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Mardi Gras 2021 roars into the SCG for a sequined smooth landing

Hearts beating with pride were trumps at this year's relocated Mardi Gras. Photo: ABC/Kevin Nguyen
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The Sydney Cricket Ground has erupted in a pyrotechnics display as Dykes on Bikes and the First Nations marchers kicked off the Sydney Gay and Lesbian Mardi Gras parade.

To the tune of AC/DC’s classic song Thunderstruck, the iconic motorcycle group was met with cheers but behind the scenes there was a last-minute scramble to make sure it went off without a hitch.

Marshals had to rush to reorganise bike routes for the club to avoid a steep decline leading onto the field.

“There was a bit of scrambling but there would be no way we’d not be out there,” Dykes on Bikes president Emily Saunders said.

It is the 33rd year that the group have led the march, but COVID-19 has taken its toll on membership and participation numbers.

“We usually have 150 to 200 bikes for the parade,” Ms Saunders said.

“This year we have 68 bikes.”

Numbers were down, but Dykes on Bikes president Emily Saunders found no shortage of enthusiasm. Photo: ABC/Kevin Nguyen

Ms Saunders said while numbers were down, enthusiasm remained high.

“I can’t express how much this day means to me and how much this group means to me,” she said.

“They were with me for some of the hardest parts of my life, so to be able to lead them out is everything.”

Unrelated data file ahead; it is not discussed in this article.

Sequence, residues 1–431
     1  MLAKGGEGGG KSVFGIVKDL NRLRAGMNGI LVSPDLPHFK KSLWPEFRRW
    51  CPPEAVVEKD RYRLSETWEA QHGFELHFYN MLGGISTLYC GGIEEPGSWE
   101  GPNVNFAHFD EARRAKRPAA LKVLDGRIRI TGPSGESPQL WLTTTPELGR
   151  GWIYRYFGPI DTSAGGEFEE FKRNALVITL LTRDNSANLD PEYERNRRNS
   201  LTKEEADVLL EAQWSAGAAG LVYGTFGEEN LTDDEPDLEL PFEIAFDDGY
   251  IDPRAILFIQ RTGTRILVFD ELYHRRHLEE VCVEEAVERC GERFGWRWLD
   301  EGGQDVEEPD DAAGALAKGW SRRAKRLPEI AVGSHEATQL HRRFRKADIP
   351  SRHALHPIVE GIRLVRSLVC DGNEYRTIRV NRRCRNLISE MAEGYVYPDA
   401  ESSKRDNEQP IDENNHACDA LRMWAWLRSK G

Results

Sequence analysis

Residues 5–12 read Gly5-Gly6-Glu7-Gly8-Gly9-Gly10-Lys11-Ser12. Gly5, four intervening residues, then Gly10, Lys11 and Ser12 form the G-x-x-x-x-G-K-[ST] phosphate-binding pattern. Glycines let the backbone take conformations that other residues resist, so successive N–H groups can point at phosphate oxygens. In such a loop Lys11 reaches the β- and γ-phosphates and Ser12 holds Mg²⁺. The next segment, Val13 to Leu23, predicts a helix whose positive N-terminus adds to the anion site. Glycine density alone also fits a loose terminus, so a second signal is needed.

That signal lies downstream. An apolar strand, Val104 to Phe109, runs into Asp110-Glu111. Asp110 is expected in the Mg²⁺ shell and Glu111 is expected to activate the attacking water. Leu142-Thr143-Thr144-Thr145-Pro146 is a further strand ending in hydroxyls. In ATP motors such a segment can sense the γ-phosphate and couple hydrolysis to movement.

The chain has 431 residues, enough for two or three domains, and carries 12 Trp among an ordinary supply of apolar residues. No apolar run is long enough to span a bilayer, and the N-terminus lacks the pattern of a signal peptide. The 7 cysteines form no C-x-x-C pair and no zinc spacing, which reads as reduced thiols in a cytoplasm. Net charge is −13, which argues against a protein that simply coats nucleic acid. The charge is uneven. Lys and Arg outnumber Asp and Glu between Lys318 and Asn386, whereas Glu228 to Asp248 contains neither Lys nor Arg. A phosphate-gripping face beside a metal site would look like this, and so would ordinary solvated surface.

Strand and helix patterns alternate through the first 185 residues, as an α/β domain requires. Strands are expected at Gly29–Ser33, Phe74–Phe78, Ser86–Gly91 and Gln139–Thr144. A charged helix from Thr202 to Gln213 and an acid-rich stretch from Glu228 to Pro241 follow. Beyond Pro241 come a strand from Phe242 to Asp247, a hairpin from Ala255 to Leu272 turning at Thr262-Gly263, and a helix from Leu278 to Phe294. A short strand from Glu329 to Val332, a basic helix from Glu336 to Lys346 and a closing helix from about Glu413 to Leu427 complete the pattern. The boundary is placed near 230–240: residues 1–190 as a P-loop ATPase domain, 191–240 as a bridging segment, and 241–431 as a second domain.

Outside the stadium, crowds remained positive about the new venue as 36,000 people filed into the seated areas.

They were filtered into the venue in batches to avoid overcrowding and social distancing was observed.

“As long as there’s a queer space for us to celebrate in any form,” Twiggy Styx said.

“I’m excited that there was still the protest down Oxford St and we have this as well,” Lady Fur said.

A trio of jubilant Mardi Gras revellers put diversity on parade. Photo: ABC/Kevin Nguyen

The First Nations march marked a continuation of the original protest spirit of the parade.

The theme of their group march, Black Lives Matter, was inspired by ongoing protests around police brutality and Indigenous deaths in custody.

“I love being out there representing Aboriginal people, and being a gay Aboriginal person, I love doing anything to show my pride in myself and my community,” Ismail ‘Izzy’ Donovan said.

Marchers held up banners marking the number of Indigenous deaths in custody along with a sequinned Aboriginal and Torres Strait Island flag.

A banner was held at the front of the Oxford Street march declaring: “No pride in police, stand in solidarity with overpoliced communities”.

NSW Greens MP Jenny Leong earlier addressed the crowd, expressing her support for trans and sex-worker rights as well as refugee and Indigenous rights.

-ABC